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Was a fireman’s ‘standby time’ working time?

By November 26, 2021December 7th, 2021Employment, Employment for Business, For Business

The law around what counts as ‘working time’ for the purposes of pay and breaks is confusing and there have been seemingly conflicting decisions involving travelling salespeople, nurses and care workers. The European Court of Justice (ECJ) has recently heard a case regarding a part-time firefighter who was on call 24 hours per day, seven days per week (except when he was taking annual leave). He could be called to assist with an emergency in no less than ten minutes, and was required to participate in at least 75% of the fire brigade’s interventions.

He argued that the time he spent ‘on call’ should be classified as ‘working time’. If that was the case, it was likely that there had been a breach of the rules regarding daily and weekly rest and maximum weekly working time under the Working Time Directive and under the Irish implementing laws.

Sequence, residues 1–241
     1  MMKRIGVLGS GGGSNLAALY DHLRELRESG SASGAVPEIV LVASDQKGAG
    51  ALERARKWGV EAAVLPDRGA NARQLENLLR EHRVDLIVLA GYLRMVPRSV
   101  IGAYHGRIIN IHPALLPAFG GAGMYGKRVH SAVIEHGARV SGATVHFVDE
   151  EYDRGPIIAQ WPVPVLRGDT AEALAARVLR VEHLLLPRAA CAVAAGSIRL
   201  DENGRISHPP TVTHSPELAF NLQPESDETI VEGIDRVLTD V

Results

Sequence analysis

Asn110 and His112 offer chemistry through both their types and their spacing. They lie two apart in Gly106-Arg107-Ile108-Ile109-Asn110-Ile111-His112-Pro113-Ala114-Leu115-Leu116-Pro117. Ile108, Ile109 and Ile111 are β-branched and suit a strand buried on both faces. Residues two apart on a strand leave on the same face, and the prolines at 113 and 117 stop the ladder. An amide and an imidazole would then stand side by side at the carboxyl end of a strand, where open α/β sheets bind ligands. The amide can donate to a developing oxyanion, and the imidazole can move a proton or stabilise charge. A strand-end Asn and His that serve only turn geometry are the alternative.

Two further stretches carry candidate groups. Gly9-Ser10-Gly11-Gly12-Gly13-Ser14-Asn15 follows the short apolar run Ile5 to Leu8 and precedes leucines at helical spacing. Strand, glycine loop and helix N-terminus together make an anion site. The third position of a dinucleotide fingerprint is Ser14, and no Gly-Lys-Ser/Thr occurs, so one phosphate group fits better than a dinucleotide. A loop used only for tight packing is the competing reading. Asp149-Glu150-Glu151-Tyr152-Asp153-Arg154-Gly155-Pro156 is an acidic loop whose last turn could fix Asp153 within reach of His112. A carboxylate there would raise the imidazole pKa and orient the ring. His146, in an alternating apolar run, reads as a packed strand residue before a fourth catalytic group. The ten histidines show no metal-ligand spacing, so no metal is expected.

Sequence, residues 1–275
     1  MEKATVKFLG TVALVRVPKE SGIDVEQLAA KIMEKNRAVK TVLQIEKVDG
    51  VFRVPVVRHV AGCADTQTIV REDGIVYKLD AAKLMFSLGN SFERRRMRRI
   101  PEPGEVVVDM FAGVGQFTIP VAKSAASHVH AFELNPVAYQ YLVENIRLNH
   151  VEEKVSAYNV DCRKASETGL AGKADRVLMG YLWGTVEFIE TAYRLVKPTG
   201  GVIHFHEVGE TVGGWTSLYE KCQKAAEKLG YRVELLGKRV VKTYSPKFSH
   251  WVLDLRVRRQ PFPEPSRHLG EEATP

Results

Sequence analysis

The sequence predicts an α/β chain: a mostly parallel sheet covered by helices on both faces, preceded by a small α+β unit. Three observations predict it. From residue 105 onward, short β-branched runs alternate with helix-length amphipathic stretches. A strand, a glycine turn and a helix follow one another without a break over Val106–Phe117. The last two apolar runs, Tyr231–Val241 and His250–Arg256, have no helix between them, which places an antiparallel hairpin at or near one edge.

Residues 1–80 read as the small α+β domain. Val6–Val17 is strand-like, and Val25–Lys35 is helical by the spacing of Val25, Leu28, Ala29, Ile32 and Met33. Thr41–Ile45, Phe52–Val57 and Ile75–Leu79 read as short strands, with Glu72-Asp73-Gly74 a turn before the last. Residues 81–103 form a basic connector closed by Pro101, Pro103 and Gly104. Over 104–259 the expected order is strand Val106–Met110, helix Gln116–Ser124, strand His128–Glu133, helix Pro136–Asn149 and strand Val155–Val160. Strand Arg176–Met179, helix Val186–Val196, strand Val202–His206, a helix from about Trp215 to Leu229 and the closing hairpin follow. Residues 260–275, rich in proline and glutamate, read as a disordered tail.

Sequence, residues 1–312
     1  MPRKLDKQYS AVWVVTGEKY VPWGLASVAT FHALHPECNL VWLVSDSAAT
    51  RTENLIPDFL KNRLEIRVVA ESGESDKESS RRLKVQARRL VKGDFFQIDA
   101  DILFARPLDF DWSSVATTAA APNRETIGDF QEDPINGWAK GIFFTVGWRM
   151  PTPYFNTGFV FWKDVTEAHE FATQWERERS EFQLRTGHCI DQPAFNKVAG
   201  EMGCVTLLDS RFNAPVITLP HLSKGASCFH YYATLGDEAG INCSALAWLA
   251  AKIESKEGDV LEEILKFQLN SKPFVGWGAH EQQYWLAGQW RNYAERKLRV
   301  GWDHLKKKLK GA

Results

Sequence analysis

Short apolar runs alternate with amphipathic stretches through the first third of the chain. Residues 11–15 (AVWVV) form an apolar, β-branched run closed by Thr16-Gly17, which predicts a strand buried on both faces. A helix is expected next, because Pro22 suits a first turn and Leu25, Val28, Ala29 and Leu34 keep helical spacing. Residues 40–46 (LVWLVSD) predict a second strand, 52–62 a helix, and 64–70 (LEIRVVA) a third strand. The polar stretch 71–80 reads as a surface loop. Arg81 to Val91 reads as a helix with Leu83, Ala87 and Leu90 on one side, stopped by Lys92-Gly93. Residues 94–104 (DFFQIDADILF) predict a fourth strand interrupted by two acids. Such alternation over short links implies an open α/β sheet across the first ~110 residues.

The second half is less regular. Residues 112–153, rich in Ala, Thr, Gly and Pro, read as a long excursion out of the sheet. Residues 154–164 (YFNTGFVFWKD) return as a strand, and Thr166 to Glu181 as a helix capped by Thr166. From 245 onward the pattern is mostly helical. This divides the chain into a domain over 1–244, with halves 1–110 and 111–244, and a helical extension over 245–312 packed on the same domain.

Of particular importance to this case were three factors:-

1. That the firefighter was able to, and did, participate in other professional activities. In this case, he was a self-employed taxi driver.

2. That the firefighter was not required to stay in one place when he was ‘on call’.

3. That the consequence of the firefighter not attending within the specified time was simply that he did not get paid.

The question to be considered by the referring court was whether the firefighter was subject to constraints which limited his ability to manage his time, during the ‘standby time’, when his services as a retained firefighter were not required.

The ECJ concluded that as the firefighter was able to carry out another professional activity during the ‘standby time’ and was not obliged to attend the emergency call-outs, the ‘standby time’ was not working time as it did not significantly affect his ability to manage his own time during that period.

The rules surrounding the working hours of employees who are on standby are often very complex and fact sensitive and it’s unlikely we’ve heard the last of this subject!

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Gemma Wilson

Author Gemma Wilson

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